Syrian Conflict

The Refugee Crisis

Europe is currently facing an unprecedented migrant crisis. Over 1 million newcomers entered Germany in 2015, roughly 40% of them from Syria. In the Fall of 2015, about 10,000 refugees and asylum seekers entered Germany daily. The January 2016 figures reflected about 3,000 daily, a reduction that can be attributed to the  winter climate.

In comparison, as of November 2015, the US had admitted less than 3,000 Syrians, in total since 2011!

Following president Obama’s proposal to admit an additional 10,000 Syrians, there was a tremendous outcry of disapproval, even here in Massachusetts.

Why do people leave their home countries? Unequal global income and wealth distribution, and the subsequent search for better economic living conditions, are both major influences.

However, economic incentives are not the primary motivators driving the Syrian refugee crisis. Syrians are forced to leave their home country to avoid pervasive violence. Since 2011, the nation has served as the main battleground for a raging sectarian conflict, further fueled by outsiders contributing fighters and weapons.

The Damage

By now, the conflict has left over 250,000 Syrians dead, many of them soldiers, about 1.5 million wounded, over 6.6 million internally displaced, and over 4.6 million Syrians seeking refuge in other countries.

Unfortunately, our own country is a major contributor to this global catastrophe. The US government has been working to ‘destabilize’ Syria since “early 2012,” which was formulated as a policy goal in 2001.

The current war in Syria, in addition to causing a tremendous humanitarian disaster for the many ethnic groups of Syria who had previously lived in relative harmony at a relatively high level of economic development, also causes irreparable damage to the cultural and archaeological heritage of all of humankind present in Syria’s part of the “Cradle of Civilization.”

Escalation and Geopolitical Risks

If the confrontation between Turkey, a member state of NATO, and Russia escalates, there is a considerable risk that the Syrian conflict conflict will turn nuclear! The potential for conflict between Russia and Saudi Arabia, or Russia and Israel “crossing paths” in Syria, only compounds this risk.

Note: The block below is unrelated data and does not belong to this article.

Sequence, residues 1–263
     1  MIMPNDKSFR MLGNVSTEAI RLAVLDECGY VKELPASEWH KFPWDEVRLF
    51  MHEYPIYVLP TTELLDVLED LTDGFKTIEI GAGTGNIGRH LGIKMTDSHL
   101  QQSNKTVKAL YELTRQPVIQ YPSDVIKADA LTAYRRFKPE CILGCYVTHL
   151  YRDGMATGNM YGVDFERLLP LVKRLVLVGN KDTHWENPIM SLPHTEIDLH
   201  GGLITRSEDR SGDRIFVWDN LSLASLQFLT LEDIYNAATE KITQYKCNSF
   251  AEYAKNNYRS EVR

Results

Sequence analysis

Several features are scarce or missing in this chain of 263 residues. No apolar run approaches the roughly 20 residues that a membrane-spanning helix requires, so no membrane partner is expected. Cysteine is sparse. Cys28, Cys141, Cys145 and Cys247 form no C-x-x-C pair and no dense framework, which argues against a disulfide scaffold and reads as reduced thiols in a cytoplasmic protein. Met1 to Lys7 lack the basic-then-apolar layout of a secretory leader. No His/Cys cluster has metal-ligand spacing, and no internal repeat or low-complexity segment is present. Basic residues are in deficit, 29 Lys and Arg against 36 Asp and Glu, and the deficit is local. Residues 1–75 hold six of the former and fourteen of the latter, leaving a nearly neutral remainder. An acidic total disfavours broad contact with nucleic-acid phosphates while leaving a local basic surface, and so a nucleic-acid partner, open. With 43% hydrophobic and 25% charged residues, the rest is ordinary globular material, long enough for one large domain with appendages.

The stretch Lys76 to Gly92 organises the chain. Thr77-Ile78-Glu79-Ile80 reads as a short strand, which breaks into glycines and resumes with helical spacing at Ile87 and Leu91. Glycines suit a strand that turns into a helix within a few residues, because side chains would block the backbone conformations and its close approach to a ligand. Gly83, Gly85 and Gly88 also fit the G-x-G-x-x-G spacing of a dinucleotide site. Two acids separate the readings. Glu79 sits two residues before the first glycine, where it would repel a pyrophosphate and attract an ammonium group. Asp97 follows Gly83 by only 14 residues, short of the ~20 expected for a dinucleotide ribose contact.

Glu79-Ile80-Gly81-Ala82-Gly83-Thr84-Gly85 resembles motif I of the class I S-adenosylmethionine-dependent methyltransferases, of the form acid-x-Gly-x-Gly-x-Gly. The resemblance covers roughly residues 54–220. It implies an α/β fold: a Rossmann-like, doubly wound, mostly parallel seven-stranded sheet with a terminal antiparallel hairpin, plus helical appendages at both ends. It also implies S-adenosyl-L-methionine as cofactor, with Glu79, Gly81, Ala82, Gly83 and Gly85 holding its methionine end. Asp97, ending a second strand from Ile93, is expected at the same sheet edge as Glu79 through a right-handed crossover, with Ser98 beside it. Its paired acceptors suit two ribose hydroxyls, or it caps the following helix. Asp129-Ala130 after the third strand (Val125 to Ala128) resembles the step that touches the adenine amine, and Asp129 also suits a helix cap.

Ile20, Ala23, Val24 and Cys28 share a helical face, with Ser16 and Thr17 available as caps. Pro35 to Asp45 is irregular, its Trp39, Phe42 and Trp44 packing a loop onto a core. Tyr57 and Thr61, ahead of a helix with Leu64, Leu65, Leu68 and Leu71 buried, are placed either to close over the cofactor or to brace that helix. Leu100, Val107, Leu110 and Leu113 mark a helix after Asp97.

Massachusetts Peace Action Policy Positions

  • End the illegal bombing of Syria by the US and its allies; stop all military and financial support for rebel groups.
  • Stop all arms shipments to the region; pressure US allies, especially Turkey and the Gulf States, to halt their funding and arming of opposition factions within Syria.
  • Support diplomatic efforts — including those with Russia and Iran — conforming with International Law and the UN Charter to stop the fighting and advance a peaceful solution for Syria.
  • Increase funding for refugee relief, humanitarian aid, and economic development, preferably through UN agencies.
  • Give Syrians agency and autonomy to shape the future of their nation; drop any preconditions for talks, for example, that Syrian president Assad “has to go.”
  • Support, in principle, an outcome that protects the rights and safety of all Syrians, including women and ethnic/religious minorities.

Massachusetts Peace Action also supports critical legislation, such as:

  • H.R.4108, introduced by Representative Tulsi Gabbard (HI-2) in order to ” prohibit the use of funds for the provision of assistance to Syrian opposition groups and individuals,” which is designed to“end the illegal U.S. war to overthrow the Syrian government of President Bashar al-Assad.”
  • S.R.361 which “urges robust funding of the USA” to the Office of the United Nations High Commissioner for Refugees  “to alleviate the humanitarian crisis in Syria and in Syrian refugee-hosting countries in the region and to be able to address the short- and long-term humanitarian needs of the Syrian people.”

Last modified March 10, 2016.